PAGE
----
Of all the four Cs of diamond grading, carat weight should be the easiest to understand, right? A diamond weighs a certain amount and that’s it. The greater the carat weight, the more the diamond will cost. Well, yes but it’s not quite that simple. Like pretty much everything else in the diamond world, it’s a little more complicated than it sounds. So how does carat weight affect the value of a diamond? And what exactly is a carat? Is it different from a karat? Or a carrot? Whether you’re selling some diamond jewelry, or you’re in the market for a new diamond, we at Diamond Lighthouse feel it’s important for you to understand each of the four Cs and how they affect a diamond’s price.
What is a carat?
A carat is 200 milligrams. Diamonds are weighed with a highly sensitive scale that reports weight to the thousandth of a carat. The weight is then rounded to the nearest hundredth. This allows gemologists to be especially precise in their measurements, and is why you’ll see diamonds listed as 0.25 or 1.07 carats. The name comes from the old practice of gem traders using small uniform carob seeds to weigh gems on balance scales. The weight became standardized and today, unlike some other measurements, a carat weighs the same no matter where in the world you are.
Karat, on the other hand, has nothing to do with diamonds or gemstones and is only used when talking about gold. Karat is strictly a measurement of how pure gold is. 24-karat gold (or 24K) is 100 percent pure gold while 18K means it’s 18 parts pure gold and six parts some other metal. Here’s where it can get confusing. The work “karat” comes from an old German coin called a mark that was made out of pure gold. The coin weighed 24 carats, so 24K became the standard by which the purity of gold is measured. So yes, “carat” and “karat” are somewhat related, but because we’re only talking about diamonds here, “carat” is the only one you should concern yourself with.
And finally, there’s a carrot, which has nothing to do with either diamonds or gold, but is an orange root vegetable that may or may not be good for your eyesight. It’s quite tasty.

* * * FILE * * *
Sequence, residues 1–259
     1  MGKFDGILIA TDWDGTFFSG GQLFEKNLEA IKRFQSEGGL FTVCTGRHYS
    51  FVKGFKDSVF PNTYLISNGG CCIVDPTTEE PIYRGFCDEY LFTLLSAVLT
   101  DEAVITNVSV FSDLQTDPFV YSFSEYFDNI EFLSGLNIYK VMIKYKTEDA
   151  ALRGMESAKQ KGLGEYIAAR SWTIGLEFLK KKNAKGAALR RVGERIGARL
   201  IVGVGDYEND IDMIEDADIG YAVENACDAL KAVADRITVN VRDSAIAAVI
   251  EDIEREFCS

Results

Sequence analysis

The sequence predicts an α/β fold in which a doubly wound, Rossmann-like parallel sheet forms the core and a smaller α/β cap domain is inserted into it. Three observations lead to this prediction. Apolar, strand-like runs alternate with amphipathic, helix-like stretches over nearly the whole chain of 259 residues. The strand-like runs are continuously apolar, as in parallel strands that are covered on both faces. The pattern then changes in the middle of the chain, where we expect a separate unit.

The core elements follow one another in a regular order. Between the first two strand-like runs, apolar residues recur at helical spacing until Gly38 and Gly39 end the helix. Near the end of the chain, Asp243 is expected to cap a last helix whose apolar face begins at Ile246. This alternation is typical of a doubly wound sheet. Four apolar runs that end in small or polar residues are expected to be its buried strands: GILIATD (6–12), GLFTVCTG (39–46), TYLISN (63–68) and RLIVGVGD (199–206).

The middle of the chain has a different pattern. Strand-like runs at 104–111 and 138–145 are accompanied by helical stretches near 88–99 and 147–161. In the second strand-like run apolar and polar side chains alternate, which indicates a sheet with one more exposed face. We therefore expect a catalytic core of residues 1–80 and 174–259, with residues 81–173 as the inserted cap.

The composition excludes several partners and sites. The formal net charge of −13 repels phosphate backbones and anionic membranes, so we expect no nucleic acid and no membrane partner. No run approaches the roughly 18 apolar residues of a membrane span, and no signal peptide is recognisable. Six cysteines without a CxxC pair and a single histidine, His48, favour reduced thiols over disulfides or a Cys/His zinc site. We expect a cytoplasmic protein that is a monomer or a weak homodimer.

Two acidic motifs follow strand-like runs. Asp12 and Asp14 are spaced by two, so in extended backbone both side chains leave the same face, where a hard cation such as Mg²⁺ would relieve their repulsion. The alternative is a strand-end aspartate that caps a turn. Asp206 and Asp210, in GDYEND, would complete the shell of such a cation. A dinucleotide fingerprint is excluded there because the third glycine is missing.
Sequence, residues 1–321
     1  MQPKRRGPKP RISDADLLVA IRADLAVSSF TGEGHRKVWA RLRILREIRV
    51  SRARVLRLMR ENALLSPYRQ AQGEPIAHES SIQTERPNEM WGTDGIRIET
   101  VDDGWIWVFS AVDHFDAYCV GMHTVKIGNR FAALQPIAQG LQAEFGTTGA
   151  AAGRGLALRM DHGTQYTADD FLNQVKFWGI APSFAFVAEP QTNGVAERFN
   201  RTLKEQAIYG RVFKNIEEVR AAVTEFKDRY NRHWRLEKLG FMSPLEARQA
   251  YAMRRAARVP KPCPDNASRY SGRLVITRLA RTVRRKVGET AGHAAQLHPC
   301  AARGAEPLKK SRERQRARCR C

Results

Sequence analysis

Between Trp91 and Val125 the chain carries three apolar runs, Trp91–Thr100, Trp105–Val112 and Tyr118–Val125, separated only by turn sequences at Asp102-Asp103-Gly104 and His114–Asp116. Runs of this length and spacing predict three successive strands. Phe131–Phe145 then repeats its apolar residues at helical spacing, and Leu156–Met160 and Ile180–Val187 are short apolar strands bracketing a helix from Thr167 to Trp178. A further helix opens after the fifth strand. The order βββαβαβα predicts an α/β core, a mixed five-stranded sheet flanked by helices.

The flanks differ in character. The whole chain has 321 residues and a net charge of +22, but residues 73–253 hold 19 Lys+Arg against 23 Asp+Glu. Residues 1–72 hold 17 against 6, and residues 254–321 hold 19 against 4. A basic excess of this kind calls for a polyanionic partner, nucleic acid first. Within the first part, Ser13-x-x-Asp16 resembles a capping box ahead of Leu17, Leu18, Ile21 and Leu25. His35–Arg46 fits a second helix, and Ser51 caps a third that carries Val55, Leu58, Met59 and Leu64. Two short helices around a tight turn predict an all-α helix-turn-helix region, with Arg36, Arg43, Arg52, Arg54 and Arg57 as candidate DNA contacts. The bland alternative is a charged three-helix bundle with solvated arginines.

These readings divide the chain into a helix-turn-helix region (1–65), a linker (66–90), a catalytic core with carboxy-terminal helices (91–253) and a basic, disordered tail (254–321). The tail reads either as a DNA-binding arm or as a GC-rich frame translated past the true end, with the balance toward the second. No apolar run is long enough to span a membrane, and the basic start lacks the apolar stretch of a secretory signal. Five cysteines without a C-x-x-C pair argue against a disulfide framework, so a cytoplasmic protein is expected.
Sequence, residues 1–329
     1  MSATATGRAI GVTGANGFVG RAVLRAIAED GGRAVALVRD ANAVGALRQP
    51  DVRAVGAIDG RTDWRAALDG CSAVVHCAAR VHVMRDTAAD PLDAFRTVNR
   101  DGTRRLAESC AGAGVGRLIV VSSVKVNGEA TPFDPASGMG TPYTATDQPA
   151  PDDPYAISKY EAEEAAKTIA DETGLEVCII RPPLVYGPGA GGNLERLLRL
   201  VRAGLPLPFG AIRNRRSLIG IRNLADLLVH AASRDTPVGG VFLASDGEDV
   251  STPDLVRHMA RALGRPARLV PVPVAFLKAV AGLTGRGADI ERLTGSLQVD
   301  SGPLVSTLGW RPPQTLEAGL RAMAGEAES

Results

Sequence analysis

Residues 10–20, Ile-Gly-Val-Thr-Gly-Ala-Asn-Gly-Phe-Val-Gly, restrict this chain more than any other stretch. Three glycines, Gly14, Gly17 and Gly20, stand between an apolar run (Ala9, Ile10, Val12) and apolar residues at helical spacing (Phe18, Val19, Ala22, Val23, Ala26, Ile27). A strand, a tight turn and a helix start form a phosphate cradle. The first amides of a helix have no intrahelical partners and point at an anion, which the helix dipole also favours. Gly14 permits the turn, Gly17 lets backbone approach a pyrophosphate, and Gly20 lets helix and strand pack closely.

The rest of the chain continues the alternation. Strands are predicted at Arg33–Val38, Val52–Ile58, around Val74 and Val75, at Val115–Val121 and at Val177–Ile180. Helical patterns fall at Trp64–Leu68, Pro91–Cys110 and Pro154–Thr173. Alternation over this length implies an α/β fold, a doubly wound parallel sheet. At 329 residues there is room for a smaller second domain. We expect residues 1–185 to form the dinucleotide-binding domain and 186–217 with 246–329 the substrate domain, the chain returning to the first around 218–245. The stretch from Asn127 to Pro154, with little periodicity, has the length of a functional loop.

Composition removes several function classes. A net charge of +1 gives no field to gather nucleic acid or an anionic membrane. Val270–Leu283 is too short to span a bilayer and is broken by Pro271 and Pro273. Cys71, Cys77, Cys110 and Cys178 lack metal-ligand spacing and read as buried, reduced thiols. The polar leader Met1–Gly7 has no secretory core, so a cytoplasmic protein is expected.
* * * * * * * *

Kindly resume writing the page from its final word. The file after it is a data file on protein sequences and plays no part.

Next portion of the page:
So how does carat weight affect the price of my diamond?
For the most part, carat weight affects a diamond’s value pretty much how you’d expect it to. All other factors being equal (clarity, color and cut), the higher a diamond’s carat weight, the more valuable it is. Things start to get complicated when you hit what the industry calls “magic sizes.” Magic sizes are the points where the diamond sees a significant jump in per-carat price. The magic sizes occur every 0.25 carats starting at 0.5 carats. (E.g. 0.5, 0.75, 1.00, 1.25, etc.) If you know this information, you can use it to your advantage when buying a diamond. For example, there won’t be any visible difference between a 0.99-carat diamond and a 1.00-carat diamond, but the 1.00-carat diamond will be much more expensive. That’s because the per-carat price of the diamond increases significantly at the 1.00-carat mark.
This information is also handy when you’re trying to sell a diamond that has a scratch or inclusion. These can sometimes be removed or repaired by polishing or cutting, but before making the decision, you should know your magic sizes. Make sure that removing the flaw won’t bring the carat weight down below one of them, otherwise the value could end up being much lower than it would have been if you’d left it alone.
The good news is if you’re selling your diamond jewelry through Diamond Lighthouse, you don’t have to worry. Our expert gemologists know exactly how to get you the most money for your diamonds. They’ll only repair a scratch or inclusion if they’re absolutely sure it will increase the value and have your permission. At Diamond Lighthouse, we do all the work for you, from evaluating your diamond, to figuring out the best way to sell it, to finding an expert buyer willing to give you the best price. Our unique process guarantees you more money for your diamonds than you’ll find anywhere else. Contact Diamond Lighthouse today.